|Scientific American, 03-April-1869|
from The Dictionary of Photography for Amateur and Professional Photographers By Edward John Wall, 1902.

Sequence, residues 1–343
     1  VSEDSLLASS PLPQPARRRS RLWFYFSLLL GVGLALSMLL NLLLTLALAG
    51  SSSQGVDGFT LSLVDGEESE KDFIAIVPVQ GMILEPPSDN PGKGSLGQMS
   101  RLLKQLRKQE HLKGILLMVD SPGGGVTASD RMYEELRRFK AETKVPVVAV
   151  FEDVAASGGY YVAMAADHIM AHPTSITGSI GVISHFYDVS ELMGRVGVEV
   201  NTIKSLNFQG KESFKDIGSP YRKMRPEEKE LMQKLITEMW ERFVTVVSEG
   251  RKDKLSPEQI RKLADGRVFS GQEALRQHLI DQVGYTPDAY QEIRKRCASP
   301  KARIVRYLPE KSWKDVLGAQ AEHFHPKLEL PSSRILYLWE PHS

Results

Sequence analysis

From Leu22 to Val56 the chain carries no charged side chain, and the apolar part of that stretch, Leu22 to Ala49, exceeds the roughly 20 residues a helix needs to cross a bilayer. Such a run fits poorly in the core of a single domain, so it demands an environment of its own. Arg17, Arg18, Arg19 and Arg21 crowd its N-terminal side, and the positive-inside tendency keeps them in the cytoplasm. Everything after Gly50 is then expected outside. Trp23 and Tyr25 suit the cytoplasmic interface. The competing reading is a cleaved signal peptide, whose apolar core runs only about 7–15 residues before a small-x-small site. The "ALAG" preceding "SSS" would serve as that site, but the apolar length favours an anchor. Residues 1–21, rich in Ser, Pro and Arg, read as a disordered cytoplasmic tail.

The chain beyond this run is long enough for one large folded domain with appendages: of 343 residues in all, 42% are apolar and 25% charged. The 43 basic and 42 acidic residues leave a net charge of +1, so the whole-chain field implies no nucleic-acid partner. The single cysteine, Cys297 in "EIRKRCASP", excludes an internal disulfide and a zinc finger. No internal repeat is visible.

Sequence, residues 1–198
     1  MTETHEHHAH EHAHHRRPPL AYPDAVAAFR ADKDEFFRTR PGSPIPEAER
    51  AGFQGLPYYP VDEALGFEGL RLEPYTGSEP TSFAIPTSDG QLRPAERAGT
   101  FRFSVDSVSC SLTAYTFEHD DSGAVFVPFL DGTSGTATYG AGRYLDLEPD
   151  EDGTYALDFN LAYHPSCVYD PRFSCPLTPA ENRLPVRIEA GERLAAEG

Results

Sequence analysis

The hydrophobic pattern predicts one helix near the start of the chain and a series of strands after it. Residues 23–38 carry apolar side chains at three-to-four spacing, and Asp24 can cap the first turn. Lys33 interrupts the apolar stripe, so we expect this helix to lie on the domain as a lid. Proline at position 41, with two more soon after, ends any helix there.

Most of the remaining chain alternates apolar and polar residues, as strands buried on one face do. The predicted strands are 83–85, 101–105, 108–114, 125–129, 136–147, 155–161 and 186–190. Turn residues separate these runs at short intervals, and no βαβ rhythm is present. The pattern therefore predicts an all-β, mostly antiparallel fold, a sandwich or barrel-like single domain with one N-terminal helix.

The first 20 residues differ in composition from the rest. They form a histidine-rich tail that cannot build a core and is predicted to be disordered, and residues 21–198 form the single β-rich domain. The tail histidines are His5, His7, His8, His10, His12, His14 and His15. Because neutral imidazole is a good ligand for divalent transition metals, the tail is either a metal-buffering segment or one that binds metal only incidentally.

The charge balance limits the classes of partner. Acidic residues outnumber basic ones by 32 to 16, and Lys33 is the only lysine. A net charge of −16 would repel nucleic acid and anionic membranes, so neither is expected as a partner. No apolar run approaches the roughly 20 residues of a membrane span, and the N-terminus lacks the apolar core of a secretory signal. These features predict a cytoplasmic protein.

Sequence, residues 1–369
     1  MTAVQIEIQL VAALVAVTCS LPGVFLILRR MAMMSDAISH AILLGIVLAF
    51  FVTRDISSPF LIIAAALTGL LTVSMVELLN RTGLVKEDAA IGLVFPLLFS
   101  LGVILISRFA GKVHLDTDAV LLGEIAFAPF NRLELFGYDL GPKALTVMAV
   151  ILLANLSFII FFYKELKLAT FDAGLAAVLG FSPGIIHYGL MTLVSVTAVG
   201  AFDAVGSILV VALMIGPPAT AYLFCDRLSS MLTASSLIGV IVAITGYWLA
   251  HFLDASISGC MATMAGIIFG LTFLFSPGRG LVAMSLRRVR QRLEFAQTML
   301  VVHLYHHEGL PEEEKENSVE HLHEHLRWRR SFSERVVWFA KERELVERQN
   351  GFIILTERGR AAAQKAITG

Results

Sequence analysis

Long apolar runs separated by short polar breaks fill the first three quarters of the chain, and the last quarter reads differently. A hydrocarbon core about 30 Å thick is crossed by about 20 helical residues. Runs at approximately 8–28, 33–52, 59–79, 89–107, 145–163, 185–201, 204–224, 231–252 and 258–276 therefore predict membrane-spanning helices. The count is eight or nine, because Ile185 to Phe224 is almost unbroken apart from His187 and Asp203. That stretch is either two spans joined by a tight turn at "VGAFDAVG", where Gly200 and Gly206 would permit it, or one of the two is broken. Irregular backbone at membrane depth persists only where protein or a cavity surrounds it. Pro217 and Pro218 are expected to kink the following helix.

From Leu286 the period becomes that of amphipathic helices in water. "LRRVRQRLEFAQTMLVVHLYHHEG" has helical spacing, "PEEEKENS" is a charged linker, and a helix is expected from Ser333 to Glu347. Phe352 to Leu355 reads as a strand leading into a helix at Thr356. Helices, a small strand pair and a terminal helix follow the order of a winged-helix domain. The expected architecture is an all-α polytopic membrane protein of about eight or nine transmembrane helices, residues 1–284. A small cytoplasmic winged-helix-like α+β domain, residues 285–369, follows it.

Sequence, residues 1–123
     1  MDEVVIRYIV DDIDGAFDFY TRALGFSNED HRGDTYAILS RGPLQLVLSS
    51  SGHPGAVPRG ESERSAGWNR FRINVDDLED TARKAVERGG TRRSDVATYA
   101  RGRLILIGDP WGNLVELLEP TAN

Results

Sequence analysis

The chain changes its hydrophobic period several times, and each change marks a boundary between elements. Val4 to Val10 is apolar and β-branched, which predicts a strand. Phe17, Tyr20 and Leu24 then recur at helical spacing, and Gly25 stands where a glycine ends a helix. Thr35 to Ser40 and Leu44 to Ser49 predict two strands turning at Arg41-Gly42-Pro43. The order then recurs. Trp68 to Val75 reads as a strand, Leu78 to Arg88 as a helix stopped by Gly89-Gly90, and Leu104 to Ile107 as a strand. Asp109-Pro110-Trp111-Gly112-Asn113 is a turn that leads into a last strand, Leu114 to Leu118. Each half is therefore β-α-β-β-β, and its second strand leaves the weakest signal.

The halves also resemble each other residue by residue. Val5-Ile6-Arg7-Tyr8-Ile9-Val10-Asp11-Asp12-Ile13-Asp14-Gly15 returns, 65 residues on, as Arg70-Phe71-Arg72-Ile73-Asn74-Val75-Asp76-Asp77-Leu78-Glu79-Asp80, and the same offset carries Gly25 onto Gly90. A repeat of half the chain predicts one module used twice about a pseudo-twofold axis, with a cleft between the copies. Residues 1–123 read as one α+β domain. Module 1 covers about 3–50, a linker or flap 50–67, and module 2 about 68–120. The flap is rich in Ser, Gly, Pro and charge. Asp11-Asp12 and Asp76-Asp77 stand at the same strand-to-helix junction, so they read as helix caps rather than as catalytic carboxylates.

Zoetrope. The application of photography to the Zoetrope —or wheel of life—is no new thing, as over twenty years ago Mr. Baden Pritchard made a series of photographs of a steam-engine, moving it forward a little between the taking of each picture; and when the series was viewed in the zoetrope, there was produced a most realistic appearance of the steam engine in motion. We must, however, go back much farther than this for the first idea of the lantern or projection zoetrope, something of the kind having been patented by Jundzill in 1856; but we believe the first exhibition of animated photographs on the screen in London was in 1882, when Muybridge exhibited the horse in motion at the Royal Institution. About the beginning of 1896 exhibitions of animated photographs on the screen became suddenly popular, and almost every maker of apparatus for this purpose gave a new and strange name to his particular form of the lantern or projection zoetrope. In the modern forms the series of negatives is taken on a long band of celluloid at the rate of about 900 per minute. A band of positives is printed from this by rolling the negative band and a band of coated celluloid together so that they shall run in contact in front of a source of light; and the exhibition is effected by means of a lantern, which automatically unrolls the positive band, and projects each photograph in succession upon the screen. For further information on this subject, see CINEMATOGRAPH.